How the Tohoku disaster is changing Japan

By Junko Mochizuki Research Scholar, Risk and Resilience Program

After a 9.0 magnitude earthquake and subsequent tsunamis struck the northeast of Japan on March 11, 2011, large-scale destruction of the coastal communities, including nuclear accidents, turned into a political maelstrom. Debates over the country’s alternative energy futures became intense; worries over ailing energy infrastructure, public safety, and the lack of transparency and accountability led to the most extensive restructuring of its power sector in the country’s recent history.

Against this backdrop, renewable energy was heralded as one of the important solutions: A new nation-wide Feed-in-Tariff (FIT) was introduced in July 2012, replacing the Renewable Portfolio Standard (RPS), which many had perceived, until then, as largely inadequate.

Nearly six years have passed since. Japan’s reconstruction, originally envisioned to last for 10 years, is now in its latter phase. The coastal communities are slowing recovering, with many focused on the idea of ”building back better.” We now hear less about the country’s energy future in the national and international media. But less documented is how well these communities are performing in terms of the ambitious reconstruction plans that they had proposed.

The 2011 earthquake, tsunami, and nuclear disaster led to major destruction in Northeast Japan. But did it also bring an opportunity to “build back better?” ©mTaira | Shutterstock

This was the context in which my colleague Stephanie E. Chang and I began our research titled Disaster as Opportunity for Change, recently published in the International Journal of Disaster Risk Reduction. We evaluated renewable energy transition trends in the 30 coastal communities in Tohoku, Japan from 2012-2015. We focused on energy transition as one measurable dimension of ”building back better (BBB),“ because this is a popular concept that is often talked about, but rarely analyzed through empirical modelling.

In this study, we sought to answer three simple questions. First, are the disaster-affected regions really “building back better?” Have they introduced more renewable energy than the rest of Japan?. Second, why did some communities achieved greater renewable energy transition than others during recovery? Third, what was the role of government policy? We were interested in answering these questions through quantitative analysis, instead of an in-depth case study, since such in-depth analyses are rare in the field of disaster recovery.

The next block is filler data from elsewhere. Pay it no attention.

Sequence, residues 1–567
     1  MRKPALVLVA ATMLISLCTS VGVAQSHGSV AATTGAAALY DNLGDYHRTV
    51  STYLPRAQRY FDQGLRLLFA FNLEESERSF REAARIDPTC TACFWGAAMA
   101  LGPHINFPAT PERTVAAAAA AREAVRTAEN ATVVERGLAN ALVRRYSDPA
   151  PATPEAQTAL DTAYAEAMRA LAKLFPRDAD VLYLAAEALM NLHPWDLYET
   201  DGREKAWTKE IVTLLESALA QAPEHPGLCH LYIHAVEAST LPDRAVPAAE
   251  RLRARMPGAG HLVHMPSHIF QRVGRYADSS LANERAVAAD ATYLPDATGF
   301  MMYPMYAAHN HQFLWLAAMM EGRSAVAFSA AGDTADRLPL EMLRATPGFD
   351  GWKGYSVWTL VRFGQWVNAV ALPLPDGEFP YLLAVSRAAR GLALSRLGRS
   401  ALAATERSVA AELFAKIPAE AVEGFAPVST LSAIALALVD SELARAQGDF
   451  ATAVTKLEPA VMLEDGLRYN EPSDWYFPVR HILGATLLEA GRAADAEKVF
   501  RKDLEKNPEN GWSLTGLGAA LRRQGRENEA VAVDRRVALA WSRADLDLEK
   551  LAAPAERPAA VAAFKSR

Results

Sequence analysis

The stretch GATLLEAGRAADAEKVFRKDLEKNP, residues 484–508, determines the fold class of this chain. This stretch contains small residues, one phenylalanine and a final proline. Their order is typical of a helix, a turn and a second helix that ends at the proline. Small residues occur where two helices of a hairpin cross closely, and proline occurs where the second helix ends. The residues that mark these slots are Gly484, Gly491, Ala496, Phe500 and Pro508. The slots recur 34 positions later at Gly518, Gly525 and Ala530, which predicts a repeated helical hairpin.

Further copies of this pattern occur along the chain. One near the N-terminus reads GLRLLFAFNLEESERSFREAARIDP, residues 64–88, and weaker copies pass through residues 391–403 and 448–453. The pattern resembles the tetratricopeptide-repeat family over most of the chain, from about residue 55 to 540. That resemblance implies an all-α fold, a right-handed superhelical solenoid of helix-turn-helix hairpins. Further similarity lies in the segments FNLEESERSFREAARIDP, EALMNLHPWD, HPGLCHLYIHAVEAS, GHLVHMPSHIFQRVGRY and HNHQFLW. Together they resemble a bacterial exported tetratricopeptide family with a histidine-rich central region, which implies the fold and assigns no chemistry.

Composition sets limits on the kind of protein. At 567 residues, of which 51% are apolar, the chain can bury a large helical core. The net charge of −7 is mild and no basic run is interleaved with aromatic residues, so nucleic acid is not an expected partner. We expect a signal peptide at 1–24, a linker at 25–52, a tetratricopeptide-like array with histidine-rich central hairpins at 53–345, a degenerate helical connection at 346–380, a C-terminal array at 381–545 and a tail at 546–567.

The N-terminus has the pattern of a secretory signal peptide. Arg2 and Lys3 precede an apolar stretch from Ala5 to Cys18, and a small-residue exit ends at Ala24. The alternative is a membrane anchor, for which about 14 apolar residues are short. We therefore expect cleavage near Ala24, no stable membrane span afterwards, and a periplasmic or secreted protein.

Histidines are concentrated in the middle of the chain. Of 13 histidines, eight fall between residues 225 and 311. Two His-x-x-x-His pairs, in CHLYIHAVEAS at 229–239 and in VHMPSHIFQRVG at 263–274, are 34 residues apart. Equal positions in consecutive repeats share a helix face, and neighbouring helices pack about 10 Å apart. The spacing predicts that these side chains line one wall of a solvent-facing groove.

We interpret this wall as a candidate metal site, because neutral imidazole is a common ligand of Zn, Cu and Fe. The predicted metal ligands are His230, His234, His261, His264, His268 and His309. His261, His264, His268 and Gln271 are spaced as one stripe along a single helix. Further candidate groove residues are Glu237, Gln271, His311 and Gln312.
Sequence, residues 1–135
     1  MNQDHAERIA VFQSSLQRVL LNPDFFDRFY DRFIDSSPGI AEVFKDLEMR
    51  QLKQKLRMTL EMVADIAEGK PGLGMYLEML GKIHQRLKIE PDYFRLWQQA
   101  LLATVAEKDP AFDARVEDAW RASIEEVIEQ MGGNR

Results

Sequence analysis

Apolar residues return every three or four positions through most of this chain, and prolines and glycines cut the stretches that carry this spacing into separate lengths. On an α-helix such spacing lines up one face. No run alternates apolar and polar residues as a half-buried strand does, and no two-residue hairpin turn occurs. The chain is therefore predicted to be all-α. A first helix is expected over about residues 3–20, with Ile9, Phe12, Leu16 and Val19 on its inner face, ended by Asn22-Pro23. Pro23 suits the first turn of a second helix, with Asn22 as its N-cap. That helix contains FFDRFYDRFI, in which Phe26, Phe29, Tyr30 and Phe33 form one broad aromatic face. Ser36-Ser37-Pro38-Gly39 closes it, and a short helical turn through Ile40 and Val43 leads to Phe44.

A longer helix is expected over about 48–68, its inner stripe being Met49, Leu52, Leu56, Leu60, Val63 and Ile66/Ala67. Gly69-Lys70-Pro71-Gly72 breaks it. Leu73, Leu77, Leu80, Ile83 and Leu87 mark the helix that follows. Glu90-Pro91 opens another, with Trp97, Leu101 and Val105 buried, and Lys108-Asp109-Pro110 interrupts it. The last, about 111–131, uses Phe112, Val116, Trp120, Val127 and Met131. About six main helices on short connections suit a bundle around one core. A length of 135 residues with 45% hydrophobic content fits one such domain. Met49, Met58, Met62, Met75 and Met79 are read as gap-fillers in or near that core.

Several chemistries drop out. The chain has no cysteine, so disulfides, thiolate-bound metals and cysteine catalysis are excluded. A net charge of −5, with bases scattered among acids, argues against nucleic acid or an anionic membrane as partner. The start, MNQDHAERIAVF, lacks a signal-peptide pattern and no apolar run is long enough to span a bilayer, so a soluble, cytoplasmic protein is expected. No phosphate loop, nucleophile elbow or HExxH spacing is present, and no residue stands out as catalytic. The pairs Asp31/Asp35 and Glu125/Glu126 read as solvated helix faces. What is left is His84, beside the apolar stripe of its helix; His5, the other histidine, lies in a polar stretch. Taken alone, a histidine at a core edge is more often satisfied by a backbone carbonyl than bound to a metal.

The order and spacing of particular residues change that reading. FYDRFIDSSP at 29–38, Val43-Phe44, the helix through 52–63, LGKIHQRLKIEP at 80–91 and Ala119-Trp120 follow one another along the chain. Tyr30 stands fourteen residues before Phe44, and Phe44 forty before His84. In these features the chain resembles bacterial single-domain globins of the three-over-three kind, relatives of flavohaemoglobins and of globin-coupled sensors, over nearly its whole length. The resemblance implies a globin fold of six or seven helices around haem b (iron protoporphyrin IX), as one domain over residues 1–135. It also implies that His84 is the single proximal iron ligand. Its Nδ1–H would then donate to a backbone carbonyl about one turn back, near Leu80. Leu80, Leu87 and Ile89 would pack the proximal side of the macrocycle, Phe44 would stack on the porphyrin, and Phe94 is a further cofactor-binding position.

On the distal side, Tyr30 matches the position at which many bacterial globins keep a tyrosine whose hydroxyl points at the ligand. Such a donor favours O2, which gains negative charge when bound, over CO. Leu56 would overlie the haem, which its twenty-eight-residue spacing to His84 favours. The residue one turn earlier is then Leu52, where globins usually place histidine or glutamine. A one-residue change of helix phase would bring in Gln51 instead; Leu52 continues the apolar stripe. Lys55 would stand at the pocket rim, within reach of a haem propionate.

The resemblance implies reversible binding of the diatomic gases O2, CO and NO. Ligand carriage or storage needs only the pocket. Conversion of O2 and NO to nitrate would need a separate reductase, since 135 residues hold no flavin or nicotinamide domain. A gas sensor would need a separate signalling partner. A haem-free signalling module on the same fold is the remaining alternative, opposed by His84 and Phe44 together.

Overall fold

In a reconstruction study, we typically need about 10 or more years to make major conclusions. Since we did our study in year six, this study doesn’t provide the final answer, but rather whether the disaster led to opportunity to build back better.

Our research indicated some clues in answering the above three questions, but many puzzles remain. First, it was clear that the disaster-affected regions achieved a greater transition to renewable energy, particularly in both small and mega-solar adoption. Other renewables including wind and geothermal are lagging due to many factors such as more complex approval processes. We focused our analysis on energy transition, measured in terms of per capita approved renewable capacity, as opposed to indicators such as installed capacity or power generated, since the latter depend on many factors such as the readiness of grid systems in accommodating intermittent renewables.

We also found that the relationship between a transition to renewable energy and the extent of disaster damage, and other post-disaster changes such as number of houses being relocated, appears to be non-linear. This means that the destruction caused by disasters, and subsequent decisions to relocate population, provided at least some momentum for wider societal change. Clearly, when communities experience very large destruction or extensive change such as land-use adjustment, this can overwhelm the local capacity to implement broader changes such as major investments in renewable energy. Balancing competing reconstruction demands is, therefore, an important policy question that must be dealt with, most ideally, prior to any large-scale disasters.

Japan is building mega solar installations like this one in the region affected by the tsunami and earthquake ©SE_WO | Shutterstock

 

Third, our results remain somewhat inconclusive as to the contribution of government policy. Counter-intuitively, communities having renewable energy plans prior to 2011 adopted significantly less solar energy after the Tohoku disaster. Statistical modeling such as ours tells little about how different aspects of national and prefectural policies have fostered or hindered local energy transitions and these are better answered through other means such as in-depth interviews.